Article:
10. Nick Bostic

    August 5, 2008 at 2:16 pm

    @Eric – There’s been a couple of new retirement communities built near me and one of the biggest points on their signs is “High speed internet provided!”

    @Glenn – I hear you on the real estate agents as online friends point. That’s why about once every other week I go onto TwitterLocal to find people who are just near me geographically, not in my line of work. I find sometimes you just have to force yourself to go look elsewhere.

    @Mike – I’ve been waiting for a study like this. My 80+ year old grandfather has been coding web sites for a few years now and loves his email. I figured he couldn’t be the only one 🙂

    @Jennifer – That Twain quotation has always intrigued me, I need to get out your way one of these days.

    @Jim – Not totally sure about the “less free time to waste” comment since I see how many hours I work and those “older” generations are getting into retirement 🙂 But I think maybe since they didn’t grow up in front of computers, the fun/tolerance is different from those of us who did.

    @Jay – My mom knows the easiest & quickest way to get in touch with me is via a text message, so she was forced to learn.

    @Bill – I have always hated MySpace with a passion, but you’re right about industries, several friends who are in bands have had great exposure on there.

    @Jeff – Glad I was able to dig up some research to help! Also happy to see you’re not just concerned about hits and are tracking a more important metric like time on site.

    @Rob – You’ve turned them into addicts! 🙂

  11. Eric Blackwell

    August 5, 2008 at 2:30 pm

    Hey jennifer;

    That old folks home I was talking about was the Masonic Home in Louisville Kentucky!!! Not sure Mark Twain was accurate there! (grin)

    Eric

  12. Dan Connolly

    August 5, 2008 at 3:12 pm

    When I signed up for StumbleUpon I entered my age (56). I was automatically labeled “old guy from Atlanta GA” WTF? I said, I don’t feel like an old guy, so I made my age private. Really for me Facebook and Linkedin seem like they are primarily for corporate types or recent college grads looking for work or dates. Maybe there is something there I am missing. Does anyone get RE clients from these sites? Is there any SEO value in having a bunch of friends?

  13. Jamey Bridges

    August 5, 2008 at 8:16 pm

    Nick, the graph is great, glad they could put that information together to share (Fight On!).
    I don’t know if they have a graph by age groups and the networks they are most active on. It seems that more professional marketed networks like LinkedIn and Facebook seem to have a different demographic concentration than say MySpace. I think each one certainly serves a niche though so it would definitely be important not to ignore them.

  14. LDG in London

    August 5, 2008 at 10:34 pm

    It’s a good job that we have got the silver surfers.. they are the only ones who still have faith in property. We have noticed a distinct lack of under 35’s since the recent property slow down began.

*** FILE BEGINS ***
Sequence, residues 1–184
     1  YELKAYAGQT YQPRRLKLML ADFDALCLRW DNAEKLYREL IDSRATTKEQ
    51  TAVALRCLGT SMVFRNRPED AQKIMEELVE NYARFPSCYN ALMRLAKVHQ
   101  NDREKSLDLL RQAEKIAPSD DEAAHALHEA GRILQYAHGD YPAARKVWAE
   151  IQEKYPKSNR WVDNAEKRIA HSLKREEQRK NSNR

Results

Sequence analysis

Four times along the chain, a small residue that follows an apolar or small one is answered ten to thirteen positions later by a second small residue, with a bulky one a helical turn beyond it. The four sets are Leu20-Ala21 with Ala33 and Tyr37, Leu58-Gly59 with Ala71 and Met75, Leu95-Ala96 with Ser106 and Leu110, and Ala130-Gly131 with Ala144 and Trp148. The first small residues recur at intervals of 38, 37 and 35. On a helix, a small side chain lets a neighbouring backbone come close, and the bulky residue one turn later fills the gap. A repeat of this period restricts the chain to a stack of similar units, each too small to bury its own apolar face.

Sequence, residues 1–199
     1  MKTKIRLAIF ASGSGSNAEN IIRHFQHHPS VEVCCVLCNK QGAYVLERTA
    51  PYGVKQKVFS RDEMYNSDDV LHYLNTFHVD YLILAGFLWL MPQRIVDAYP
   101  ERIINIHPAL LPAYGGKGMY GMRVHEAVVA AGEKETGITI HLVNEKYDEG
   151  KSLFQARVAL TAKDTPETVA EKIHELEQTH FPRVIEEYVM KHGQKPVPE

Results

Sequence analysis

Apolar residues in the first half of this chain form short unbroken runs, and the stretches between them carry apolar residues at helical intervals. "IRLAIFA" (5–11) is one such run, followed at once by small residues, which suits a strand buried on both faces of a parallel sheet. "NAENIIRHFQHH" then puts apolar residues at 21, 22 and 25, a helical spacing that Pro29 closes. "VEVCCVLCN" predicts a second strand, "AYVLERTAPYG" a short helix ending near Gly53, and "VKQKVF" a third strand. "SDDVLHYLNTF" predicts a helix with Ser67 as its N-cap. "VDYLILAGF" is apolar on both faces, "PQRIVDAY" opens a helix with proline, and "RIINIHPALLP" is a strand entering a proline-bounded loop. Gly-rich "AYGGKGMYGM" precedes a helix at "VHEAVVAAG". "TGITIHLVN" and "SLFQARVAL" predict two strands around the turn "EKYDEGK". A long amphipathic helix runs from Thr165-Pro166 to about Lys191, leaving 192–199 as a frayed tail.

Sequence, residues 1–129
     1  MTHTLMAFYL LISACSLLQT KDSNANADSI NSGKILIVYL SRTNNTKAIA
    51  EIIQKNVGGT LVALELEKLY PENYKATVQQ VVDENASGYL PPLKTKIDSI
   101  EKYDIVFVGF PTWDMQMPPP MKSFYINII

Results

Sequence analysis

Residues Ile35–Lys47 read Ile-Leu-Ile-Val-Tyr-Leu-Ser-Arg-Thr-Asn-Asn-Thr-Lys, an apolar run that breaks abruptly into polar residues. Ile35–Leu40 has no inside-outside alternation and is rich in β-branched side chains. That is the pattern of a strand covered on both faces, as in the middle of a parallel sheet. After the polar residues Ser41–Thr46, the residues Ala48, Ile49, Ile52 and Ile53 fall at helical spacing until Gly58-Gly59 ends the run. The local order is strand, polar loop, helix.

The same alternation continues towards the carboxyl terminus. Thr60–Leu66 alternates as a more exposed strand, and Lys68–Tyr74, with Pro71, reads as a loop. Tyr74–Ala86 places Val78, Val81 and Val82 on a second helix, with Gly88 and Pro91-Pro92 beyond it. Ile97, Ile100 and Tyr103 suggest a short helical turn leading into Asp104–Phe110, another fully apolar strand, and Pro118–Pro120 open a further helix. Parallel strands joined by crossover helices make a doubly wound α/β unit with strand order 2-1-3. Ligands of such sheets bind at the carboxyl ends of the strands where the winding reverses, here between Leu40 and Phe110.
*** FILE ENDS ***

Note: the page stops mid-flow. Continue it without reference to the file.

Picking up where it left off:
The old folks understand the long term nature of the property investment cycle and having seen it last time around they want everything in place for when things get going again.

  15. msWoods Indianapolis Real Estate

    December 7, 2009 at 8:39 pm

    Have any of you had much success finding clients with any of the social networks like Facebook? Do you actually use them for business?

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Social Media

Facebook releases Hotline as yet another Clubhouse competitor

(SOCIAL MEDIA) As yet another app emerges to try and take some of Clubhouse’s success, Facebook Hotline adds a slightly more formal video chat component to the game.

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Woman forming hands into heart shape at laptop hosting live video chat, similar to Facebook's new app Hotline

Facebook is at it again and launching its own version of another app. This time, the company has launched Hotline, which looks like a cross between Instagram Live and Clubhouse.

Facebook’s Hotline is the company’s attempt at competing with Clubhouse, the audio-based social media app, which was released on iOS in March 2020. Earlier this year, The New York Times reported Facebook had already begun working on building its own version of the app. Erik Hazzard, who joined Facebook in 2017 after the company acquired his tbh app, is leading the project.

The app was created by the New Product Experimentation (NPE) Team, Facebook’s experimental development division, and it’s already in beta testing online. To access it, you can use the web-based application through the platform’s website to join the waitlist and “Host a Show”. However, you will need to sign in using your Twitter account to do so.

Unlike Clubhouse, Hotline lets users also chat through video and not just audio alone. The product is more like a formal Q&A and recording platform. Its features allow people to live stream and hold Q&A sessions with their audiences similar to Instagram Live. And, audience members can ask questions by using text or audio.

Also, what makes Hotline a little more formal than Clubhouse is that it automatically records conversations. According to TechCrunch, hosts receive both a video and audio recording of the event. With a guaranteed recording feature, the Q&A sessions will stray away from the casual vibes of Clubhouse.

The first person to host a Q&A live stream on Hotline is real-estate investor Nick Huber, who is the type of “expert” Facebook is hoping to attract to its platform.

“With Hotline, we’re hoping to understand how interactive, live multimedia Q&As can help people learn from experts in areas like professional skills, just as it helps those experts build their businesses,” a Facebook spokesperson told TechCrunch. “New Product Experimentation has been testing multimedia products like CatchUp, Venue, Collab, and BARS, and we’re encouraged to see the formats continue to help people connect and build community,” the spokesperson added.